It certainly is true that hindsight is better than foresight. Still, it is a good idea to look around and learn from what others have done to prevent closing your business. In the case of coronavirus, there is no equal in modern times but lessons can be learned that will help you be ready the next time it comes around – and hopefully, there will not be a repeat.
Many large industries, such as the airlines, have nearly collapsed – except that it seems that some passengers are starting to fly again. At this rate, though, it is hardly enough to keep the industry afloat. The airlines have become so large and they have so many employees that severely adverse circumstances could rather easily bankrupt them, which is why a bailout was needed.
Recover and Prepare
When your business gets back on its feet, take time to evaluate how your business operates. Many businesses have found themselves totally unprepared and found that they had almost nothing in the bank to fall back on for any length of time. Now that the unthinkable event has occurred, figure out how you can be better prepared. After all, we are being told that coronavirus may never completely disappear.
Create several scenarios in your mind that range from mild to another coronavirus-type event – but only longer. Then, determine how you could best survive and plan a course of action to be ready for it.
Increase the Work-from-Home Capabilities
A large portion of America’s workplaces are still sitting vacant and many employees have had to start working from home. It is more than looking like a trend that will be continuing where possible in many industries. Jeff Bezos has said that it can be expected to increase over the next decade. You can also expect that many employees looking for jobs are going to want it as an option.
Money spent carelessly and without real consideration as to its value is apt to run out one day. Go over your business processes and expenditures and aim to simplify them. Eliminate unnecessary redundancy and time wasters. This will enable your business to use it more wisely and put more away for emergencies – and remember to keep some of it liquid for easy access.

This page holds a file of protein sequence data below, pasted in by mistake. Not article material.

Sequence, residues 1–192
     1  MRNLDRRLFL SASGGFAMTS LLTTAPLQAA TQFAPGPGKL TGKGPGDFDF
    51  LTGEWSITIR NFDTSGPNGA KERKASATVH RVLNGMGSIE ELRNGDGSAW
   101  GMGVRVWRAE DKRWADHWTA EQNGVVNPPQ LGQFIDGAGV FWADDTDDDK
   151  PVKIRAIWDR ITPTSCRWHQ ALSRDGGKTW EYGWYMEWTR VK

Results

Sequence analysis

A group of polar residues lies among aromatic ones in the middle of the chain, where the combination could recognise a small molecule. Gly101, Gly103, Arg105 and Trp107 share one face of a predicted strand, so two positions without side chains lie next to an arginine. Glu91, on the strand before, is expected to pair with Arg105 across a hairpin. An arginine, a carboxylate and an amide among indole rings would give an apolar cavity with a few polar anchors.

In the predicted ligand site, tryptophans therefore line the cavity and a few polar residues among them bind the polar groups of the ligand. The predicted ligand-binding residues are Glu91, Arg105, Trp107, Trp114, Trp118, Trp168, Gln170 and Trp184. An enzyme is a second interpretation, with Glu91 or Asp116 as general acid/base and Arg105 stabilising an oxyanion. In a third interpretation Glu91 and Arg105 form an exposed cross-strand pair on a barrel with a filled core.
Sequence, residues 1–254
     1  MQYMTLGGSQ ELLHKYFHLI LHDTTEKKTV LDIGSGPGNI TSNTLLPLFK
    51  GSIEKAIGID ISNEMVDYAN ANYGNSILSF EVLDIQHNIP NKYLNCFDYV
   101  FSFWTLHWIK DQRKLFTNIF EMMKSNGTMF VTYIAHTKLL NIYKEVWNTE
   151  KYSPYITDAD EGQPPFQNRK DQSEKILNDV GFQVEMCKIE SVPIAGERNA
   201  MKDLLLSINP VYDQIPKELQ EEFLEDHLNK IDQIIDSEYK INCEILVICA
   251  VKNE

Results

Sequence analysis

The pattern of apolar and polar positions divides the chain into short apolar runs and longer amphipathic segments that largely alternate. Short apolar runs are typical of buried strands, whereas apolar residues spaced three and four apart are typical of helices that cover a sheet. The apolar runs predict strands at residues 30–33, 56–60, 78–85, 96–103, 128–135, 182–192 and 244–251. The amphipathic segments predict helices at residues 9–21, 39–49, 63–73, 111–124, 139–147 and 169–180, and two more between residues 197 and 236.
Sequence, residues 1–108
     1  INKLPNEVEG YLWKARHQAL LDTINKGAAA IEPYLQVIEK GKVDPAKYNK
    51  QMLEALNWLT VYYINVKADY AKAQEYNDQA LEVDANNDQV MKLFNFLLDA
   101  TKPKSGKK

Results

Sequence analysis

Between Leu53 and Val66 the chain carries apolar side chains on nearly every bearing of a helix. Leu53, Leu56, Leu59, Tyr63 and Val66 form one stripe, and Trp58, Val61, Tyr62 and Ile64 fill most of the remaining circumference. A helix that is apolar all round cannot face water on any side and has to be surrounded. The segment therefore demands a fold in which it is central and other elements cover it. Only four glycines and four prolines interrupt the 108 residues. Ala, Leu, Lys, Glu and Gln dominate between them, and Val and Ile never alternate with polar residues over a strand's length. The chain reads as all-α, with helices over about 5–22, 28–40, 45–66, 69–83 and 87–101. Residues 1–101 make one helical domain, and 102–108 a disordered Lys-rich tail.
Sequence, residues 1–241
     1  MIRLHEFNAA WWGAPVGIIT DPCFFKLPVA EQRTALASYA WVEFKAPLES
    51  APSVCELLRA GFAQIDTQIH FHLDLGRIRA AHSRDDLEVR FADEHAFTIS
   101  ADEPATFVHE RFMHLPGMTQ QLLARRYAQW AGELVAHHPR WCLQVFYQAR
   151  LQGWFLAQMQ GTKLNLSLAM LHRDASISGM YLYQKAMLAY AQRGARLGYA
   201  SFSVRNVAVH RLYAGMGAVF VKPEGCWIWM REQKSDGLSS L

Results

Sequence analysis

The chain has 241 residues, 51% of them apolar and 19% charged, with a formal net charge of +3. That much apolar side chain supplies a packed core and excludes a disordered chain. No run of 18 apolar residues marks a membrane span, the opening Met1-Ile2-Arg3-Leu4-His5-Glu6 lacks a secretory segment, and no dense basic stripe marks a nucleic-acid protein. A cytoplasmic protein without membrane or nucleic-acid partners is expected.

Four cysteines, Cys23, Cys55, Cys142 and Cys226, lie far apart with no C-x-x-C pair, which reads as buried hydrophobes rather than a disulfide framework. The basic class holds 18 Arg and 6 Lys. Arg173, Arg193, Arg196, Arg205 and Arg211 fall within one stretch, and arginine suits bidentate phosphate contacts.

Plan Business Growth Carefully
It takes money, time, and a dream to be able to expand your business. Too many companies have invested way too much when taking this step, leaving little to fall back on in a crisis. They acted as though it was a guaranteed thing – only to discover that failure is sometimes still possible. Although growth is always a gamble, it needs to be attached to reasonable, calculated, and solid steps – not a “throw in all you got” approach. Remember that the world likes to throw occasional curveballs. In each new business venture, having a plan B could save the day.
Build People in Your Business – Not on Them
The best industries make their employees feel appreciated. They want to feel that they are a part of something important. Having employees you can count on and that know they are valued will feel more inclined to stick with you when the going gets tough – if it looks like there could be some light at the end of the tunnel. It seems that coronavirus is revealing which employers actually care about their employees and which ones don’t. Sure, times are desperate, but showing kindness when under pressure financially is appreciated – especially when everyone is feeling it.